This emotional honesty is what motors the film and makes it compelling. We want to know what happens next. Much of the narrative is a straightforward dramatisation of Pierre’s statement and his story is a rich family saga. Pierre’s justification for his actions was that he wished to protect his father’s reputation from the depredations of his mother and the sister and brother who sided with her. The story of his parents is a sad one – a loveless marriage bound together by social convention and the vagaries of the legal system. His father works himself to the bone while his mother, refusing to co-habit, runs up vast debts which must be paid. She deliberately humiliates her husband and lies to the locals about his cruel treatment of her. This is all good melodramatic stuff with the atmosphere of a Brueghel painting. But it’s also a fascinating slice of social history – the peasants are trapped in a lifestyle revolving almost entirely around poverty and wondering where the next meal is coming from. Their lives are governed by the land and their only contact with the outside world is through the whims of magistrates and local dignitaries. Allio’s film, beautifully shot on 16MM by Nurit Aviv, seems to take us right inside this world in much the same way that films by the Taviani Brothers do.
The film is slow moving, particularly at the beginning, and the occasional awkwardness of the staging in the early parts may make some viewers impatient. But it acquires a cumulative power and, largely through Claude Hebert’s performance, becomes hard to forget. There is a refusal to label Pierre as one thing or another. Was he a psychopath? Mentally alienated? A religious maniac? Perhaps he was just a misogynist who hated seeing women gain the upper hand. The film flirts with all these explanations – through a variety of other voices - but never comes down on one side or the other and the explanations given by the scientists are curiously unsatisfying, as if one man’s mind defies simple analysis. The ending, even though it is unsurprising, is genuinely moving and the complexity of the film means that it stays with you – haunting, provoking – long after the final credits.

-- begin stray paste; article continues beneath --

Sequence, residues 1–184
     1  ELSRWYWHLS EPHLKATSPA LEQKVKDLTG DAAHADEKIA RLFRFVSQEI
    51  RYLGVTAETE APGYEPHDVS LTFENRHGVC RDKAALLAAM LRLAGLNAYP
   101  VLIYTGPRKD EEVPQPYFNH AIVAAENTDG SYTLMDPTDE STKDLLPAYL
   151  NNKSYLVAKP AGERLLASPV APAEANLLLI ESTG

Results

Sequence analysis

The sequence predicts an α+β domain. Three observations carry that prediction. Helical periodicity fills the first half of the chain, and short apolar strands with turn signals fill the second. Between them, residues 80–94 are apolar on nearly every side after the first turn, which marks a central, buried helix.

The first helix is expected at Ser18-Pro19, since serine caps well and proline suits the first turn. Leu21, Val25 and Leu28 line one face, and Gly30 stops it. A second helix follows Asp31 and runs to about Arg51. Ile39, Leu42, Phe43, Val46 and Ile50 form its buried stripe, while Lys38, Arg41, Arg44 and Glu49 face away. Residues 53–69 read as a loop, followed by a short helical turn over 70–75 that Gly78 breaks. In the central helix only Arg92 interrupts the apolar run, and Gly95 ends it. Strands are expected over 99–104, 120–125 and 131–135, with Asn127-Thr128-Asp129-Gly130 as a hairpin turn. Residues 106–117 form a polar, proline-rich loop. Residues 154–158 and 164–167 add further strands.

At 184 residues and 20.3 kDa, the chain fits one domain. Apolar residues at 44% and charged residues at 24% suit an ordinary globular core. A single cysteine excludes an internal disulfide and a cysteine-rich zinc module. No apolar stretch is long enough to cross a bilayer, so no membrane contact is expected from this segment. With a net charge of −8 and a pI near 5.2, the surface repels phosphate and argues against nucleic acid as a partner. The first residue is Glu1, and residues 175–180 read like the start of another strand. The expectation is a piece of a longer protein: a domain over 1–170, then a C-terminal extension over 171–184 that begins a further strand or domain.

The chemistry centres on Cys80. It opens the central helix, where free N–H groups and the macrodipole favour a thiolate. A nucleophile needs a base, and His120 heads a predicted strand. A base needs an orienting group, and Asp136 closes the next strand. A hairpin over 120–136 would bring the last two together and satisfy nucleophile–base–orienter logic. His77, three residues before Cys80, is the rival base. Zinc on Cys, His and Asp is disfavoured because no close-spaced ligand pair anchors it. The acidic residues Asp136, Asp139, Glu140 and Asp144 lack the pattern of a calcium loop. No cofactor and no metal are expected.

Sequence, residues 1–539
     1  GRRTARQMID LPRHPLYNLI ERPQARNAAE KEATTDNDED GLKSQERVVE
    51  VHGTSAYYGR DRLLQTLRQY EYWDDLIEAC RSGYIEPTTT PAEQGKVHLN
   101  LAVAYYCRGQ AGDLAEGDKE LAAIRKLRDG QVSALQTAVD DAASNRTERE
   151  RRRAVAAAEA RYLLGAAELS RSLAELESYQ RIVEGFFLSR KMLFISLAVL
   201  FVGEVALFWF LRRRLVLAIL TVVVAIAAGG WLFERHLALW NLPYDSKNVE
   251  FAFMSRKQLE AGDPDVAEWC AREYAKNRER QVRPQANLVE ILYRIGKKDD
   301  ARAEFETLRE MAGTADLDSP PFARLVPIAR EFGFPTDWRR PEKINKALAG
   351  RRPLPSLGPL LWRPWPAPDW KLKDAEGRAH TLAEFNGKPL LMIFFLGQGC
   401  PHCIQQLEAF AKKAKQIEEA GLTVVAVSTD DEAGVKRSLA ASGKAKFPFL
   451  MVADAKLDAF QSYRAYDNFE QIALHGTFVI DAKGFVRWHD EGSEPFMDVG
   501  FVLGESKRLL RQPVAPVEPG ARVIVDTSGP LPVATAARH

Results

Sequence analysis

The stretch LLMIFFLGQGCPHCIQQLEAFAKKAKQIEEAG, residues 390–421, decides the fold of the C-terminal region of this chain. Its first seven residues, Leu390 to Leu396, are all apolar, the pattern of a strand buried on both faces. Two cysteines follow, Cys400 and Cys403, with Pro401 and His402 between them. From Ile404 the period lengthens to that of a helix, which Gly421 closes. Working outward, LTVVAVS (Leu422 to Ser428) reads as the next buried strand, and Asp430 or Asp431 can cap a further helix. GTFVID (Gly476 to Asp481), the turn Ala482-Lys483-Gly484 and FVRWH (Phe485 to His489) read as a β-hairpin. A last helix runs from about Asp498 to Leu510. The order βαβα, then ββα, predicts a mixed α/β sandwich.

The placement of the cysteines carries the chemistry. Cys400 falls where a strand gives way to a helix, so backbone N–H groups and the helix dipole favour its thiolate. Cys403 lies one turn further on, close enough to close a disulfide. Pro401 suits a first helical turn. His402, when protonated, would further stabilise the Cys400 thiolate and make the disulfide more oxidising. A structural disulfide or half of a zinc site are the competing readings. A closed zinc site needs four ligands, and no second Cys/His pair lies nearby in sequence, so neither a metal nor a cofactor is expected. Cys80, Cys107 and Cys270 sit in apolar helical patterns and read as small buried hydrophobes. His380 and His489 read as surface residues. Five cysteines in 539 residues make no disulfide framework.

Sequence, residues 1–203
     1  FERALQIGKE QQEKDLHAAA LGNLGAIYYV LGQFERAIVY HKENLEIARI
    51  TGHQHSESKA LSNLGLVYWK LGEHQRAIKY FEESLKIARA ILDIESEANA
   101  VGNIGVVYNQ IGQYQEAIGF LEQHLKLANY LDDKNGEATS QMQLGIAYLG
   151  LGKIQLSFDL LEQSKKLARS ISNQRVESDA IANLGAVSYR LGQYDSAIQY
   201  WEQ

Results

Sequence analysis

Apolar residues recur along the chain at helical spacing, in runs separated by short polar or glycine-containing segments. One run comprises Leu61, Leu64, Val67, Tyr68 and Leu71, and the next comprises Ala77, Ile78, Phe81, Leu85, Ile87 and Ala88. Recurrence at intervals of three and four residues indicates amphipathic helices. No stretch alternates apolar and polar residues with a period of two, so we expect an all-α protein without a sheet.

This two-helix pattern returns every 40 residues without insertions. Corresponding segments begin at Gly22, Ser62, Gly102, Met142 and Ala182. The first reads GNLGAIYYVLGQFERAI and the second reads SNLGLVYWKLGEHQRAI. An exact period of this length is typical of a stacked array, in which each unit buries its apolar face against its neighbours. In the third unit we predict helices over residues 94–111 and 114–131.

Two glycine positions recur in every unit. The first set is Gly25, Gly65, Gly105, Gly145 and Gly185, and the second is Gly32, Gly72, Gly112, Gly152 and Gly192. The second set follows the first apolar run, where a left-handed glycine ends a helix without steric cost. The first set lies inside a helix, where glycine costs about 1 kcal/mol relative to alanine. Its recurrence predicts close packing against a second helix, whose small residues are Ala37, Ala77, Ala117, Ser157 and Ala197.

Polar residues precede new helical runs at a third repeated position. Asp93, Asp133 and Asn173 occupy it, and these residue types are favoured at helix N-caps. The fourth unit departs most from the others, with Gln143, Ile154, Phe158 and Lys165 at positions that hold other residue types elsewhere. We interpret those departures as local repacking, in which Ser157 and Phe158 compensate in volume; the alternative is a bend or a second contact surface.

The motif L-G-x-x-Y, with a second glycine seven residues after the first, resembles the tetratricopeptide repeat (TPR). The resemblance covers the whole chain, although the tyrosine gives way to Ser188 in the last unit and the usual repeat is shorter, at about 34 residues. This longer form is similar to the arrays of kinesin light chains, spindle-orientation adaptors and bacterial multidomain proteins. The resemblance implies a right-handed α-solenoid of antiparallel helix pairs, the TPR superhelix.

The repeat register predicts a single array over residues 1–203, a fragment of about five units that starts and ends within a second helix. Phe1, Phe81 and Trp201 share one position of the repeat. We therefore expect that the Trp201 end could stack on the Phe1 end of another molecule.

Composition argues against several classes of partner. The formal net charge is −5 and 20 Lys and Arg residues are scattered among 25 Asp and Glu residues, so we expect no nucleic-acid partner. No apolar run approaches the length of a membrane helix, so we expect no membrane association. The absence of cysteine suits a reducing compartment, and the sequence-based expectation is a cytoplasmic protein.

I think it’s fair to say that Rene Allio’s film has been very little seen in the UK prior to this DVD release and were it not for the documentary Back To Normandy, it may well have remained in undeserved obscurity. Tartan are to be congratulated for releasing it alongside its more recent cousin.
The film is presented at an aspect ratio of 1.78:1 and has been anamorphically enhanced. Originally made in 16MM and blown up to 35MM for cinema showings, it shows both its age and the limitations of the source. There is an awful lot of grain throughout and there is evident colour bleeding, particularly during the interior sequences. Print damage is also much in evidence. However, particularly given the fact that the film has been so difficult to see, the flaws do not unduly mar the viewing experience. The mono French soundtrack, accompanied by optional English subtitles, is generally very good. It only occurred to me at the end that there was no music score – the ‘music’ of the film is that of nature and rural labour.
The only extra feature is a 25 minute making-of documentary which largely concentrates on how Allio dealt with his cast of non-actors. This is interesting but more so when seen in conjunction with Back To Normandy which is a look back on the making of the film from a 2007 perspective.
I Pierre Riviere is a fascinating and unique film and one feels privileged to see something which is so unusual and so rarely seen. Despite the flaws of Tartan’s DVD, definitely a film worth seeing.